...
But one final beneficiary of the S&P decision has received less ink, bits and air time. That's The Bill & Melinda Gates Foundation.

As this GuruFocus data show, Berkshire represented about 53.4 percent of the Gates Foundation's more than $10 billion portfolio as of Sept. 30. A sharp rise in Berkshire's stock price obviously benefits the foundation in funding its charitable endeavors.

...
Buffett plans to keep donating his Berkshire stock to the Gates Foundation every year, with the number of shares donated falling 5 percent each year. The Gates Foundation is likely to be a daily seller of Berkshire stock for years to come.

The index investors provide a constant stream of buyers. Because those investors buy big quantities, the Gates Foundation may be able to increase the pace of its selling without hurting the stock price, and perhaps at times sell in bulk. That makes life easier for the foundation that bears the name of Buffett's bridge pal and fellow Berkshire board member.

Think Buffett didn't see this a mile in advance? Don't bet on it.
Rest of the article here
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Old 02-01-2010, 11:17 PM   #38
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Whitney Tilson has long been bullish on Berkshire and is talking even more of his book than usual, but here's an interesting analysis of why Berkshire is at least 20% undervalued.

http://www.marketfolly.com/2010/02/hedge-fund-t2-partners-berkshire.html

I don't know how well their PDF version displays on that link, so I've also attached it here.
Attached Files
File Type: pdf T2-Partners-Berkshire Hathaway valuation analysis.pdf (217.7 KB, 8 views)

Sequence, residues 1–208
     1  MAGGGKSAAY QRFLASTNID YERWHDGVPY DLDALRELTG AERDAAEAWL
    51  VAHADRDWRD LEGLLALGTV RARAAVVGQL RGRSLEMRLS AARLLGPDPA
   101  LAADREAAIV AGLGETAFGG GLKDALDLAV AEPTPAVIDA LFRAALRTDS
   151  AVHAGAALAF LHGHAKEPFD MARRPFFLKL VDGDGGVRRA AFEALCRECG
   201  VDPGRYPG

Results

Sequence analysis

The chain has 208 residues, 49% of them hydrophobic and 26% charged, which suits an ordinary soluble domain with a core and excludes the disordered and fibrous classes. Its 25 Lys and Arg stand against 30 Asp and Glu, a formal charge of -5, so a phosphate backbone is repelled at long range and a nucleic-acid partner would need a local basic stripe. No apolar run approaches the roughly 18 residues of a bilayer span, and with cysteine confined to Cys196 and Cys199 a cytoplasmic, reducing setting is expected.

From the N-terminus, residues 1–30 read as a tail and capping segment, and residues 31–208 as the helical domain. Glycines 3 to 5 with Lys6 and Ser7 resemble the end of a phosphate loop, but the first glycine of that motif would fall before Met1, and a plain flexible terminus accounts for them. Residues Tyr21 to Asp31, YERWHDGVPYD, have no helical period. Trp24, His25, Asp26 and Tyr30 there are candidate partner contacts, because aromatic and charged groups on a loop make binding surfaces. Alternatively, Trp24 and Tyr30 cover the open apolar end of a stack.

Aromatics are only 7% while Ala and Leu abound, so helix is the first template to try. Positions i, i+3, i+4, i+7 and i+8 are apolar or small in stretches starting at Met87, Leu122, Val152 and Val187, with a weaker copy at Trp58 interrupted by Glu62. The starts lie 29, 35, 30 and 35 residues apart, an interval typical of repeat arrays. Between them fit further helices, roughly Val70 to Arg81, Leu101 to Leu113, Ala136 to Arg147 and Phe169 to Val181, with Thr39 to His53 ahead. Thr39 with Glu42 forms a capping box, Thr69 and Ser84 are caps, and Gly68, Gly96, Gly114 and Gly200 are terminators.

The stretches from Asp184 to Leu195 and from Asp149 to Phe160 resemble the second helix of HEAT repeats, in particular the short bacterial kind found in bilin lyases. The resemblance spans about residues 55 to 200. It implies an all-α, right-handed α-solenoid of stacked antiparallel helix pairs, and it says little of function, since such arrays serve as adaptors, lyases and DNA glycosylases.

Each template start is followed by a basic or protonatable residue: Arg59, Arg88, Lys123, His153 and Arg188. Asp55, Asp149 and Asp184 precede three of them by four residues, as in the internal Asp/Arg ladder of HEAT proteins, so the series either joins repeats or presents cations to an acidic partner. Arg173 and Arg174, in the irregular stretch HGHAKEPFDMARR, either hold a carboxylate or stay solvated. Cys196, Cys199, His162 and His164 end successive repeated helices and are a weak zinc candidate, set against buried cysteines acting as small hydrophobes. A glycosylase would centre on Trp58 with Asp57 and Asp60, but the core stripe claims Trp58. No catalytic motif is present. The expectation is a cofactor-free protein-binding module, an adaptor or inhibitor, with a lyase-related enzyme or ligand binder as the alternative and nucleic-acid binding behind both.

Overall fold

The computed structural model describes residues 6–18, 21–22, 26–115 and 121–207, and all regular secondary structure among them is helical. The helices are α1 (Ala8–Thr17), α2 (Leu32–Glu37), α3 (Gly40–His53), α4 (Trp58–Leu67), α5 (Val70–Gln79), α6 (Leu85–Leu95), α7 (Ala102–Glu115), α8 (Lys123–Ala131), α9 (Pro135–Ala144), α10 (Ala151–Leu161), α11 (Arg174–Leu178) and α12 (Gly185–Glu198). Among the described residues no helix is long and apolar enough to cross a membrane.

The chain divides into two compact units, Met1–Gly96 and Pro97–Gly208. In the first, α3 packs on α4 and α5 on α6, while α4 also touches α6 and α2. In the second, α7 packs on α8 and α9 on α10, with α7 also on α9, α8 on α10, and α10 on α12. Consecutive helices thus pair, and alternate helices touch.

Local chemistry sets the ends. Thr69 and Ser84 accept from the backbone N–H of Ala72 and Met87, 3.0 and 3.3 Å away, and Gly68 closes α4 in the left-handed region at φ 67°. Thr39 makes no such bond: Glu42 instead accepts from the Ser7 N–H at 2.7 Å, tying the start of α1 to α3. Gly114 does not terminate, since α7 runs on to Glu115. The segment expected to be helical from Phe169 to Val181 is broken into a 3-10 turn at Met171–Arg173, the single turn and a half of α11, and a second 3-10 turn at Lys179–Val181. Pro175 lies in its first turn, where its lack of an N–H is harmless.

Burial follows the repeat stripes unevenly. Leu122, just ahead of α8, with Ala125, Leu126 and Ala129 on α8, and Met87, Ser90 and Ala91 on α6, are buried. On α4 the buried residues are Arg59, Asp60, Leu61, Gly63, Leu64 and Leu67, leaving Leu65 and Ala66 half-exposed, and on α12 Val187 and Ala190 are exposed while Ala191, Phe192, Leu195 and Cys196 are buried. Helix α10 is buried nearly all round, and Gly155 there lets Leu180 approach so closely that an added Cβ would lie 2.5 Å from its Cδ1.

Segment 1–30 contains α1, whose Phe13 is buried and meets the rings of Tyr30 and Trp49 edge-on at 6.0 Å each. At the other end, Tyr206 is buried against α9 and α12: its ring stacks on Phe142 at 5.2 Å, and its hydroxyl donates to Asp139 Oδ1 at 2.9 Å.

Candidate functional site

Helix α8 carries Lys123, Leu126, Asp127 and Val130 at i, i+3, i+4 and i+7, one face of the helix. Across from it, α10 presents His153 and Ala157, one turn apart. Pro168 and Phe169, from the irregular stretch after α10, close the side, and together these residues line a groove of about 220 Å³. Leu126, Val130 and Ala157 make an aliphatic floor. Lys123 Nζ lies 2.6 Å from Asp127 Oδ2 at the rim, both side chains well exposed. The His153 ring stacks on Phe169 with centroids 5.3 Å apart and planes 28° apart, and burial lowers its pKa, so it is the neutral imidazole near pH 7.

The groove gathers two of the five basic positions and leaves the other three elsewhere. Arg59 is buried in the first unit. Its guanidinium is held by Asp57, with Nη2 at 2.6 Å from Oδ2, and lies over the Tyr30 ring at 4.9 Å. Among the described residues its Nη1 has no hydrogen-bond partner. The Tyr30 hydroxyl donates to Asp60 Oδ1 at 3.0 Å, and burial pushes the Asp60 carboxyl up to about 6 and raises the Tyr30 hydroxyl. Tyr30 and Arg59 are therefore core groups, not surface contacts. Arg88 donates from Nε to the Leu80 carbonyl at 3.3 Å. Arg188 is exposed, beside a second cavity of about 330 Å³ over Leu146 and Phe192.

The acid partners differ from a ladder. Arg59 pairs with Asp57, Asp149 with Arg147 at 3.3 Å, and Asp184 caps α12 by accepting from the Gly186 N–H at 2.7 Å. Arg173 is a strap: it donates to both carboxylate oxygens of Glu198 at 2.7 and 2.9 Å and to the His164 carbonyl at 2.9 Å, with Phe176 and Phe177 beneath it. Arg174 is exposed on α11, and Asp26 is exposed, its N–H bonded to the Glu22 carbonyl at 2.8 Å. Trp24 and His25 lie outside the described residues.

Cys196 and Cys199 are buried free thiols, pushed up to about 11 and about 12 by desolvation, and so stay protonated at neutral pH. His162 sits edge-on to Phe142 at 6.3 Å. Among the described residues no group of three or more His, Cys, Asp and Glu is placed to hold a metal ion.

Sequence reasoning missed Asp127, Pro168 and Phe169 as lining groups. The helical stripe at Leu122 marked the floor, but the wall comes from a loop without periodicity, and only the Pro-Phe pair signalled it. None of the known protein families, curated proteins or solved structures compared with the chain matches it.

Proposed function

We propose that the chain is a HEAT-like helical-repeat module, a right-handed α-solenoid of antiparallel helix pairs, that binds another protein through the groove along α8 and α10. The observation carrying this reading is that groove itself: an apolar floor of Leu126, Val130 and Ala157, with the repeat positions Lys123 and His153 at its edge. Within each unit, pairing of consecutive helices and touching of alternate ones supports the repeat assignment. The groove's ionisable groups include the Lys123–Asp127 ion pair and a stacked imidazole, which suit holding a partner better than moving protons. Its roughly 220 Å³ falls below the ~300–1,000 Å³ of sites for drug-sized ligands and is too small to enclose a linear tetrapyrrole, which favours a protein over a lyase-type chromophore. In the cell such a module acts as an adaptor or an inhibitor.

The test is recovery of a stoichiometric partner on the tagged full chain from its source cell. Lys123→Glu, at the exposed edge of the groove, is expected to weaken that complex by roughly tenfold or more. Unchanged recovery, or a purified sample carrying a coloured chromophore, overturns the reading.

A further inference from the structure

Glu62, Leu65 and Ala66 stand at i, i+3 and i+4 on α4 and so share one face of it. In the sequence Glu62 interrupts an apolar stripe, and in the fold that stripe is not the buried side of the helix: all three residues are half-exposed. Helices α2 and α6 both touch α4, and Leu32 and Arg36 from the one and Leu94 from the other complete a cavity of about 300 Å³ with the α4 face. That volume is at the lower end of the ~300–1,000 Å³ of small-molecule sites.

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Old 02-04-2010, 03:12 PM   #39
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Whitney Tilson has long been bullish on Berkshire and is talking even more of his book than usual, but here's an interesting analysis of why Berkshire is at least 20% undervalued.

.
I always learn something from reading Whitney's analysis.

More info financing Warren's latest toy'

Quote:
Berkshire Hathaway Inc., Warren Buffett's investment holding company, is selling an $8 billion offering of senior secured notes to help finance its takeover of Burlington Northern Santa Fe Corp.
The issue will include $2 billion of one-year floating-rate notes, launched at a spread flat to 0.03 percentage point above the three-month London interbank offered rate; $1.1 billion of two-year floating-rate notes, launched at a spread of 0.18 percentage point above Libor; $600 million of two-year fixed-rate notes, launched at 0.65 percentage point above Treasurys; $1.2 billion of three-year floating-rate notes, launched at 0.45 percentage point above Libor; $1.4 billion of three-year fixed-rate notes, launched at 0.85 percentage point above Treasurys; and $1.7 billion of five-year fixed-rate notes, launched at 0.95 percentage point above Treasurys.
A fair amount of floating rate notes, which is somewhat surprising. Although the 5 year notes are strictly fixed. For those interested you can make more money buying CDs from PenFed then buying bonds from Warren.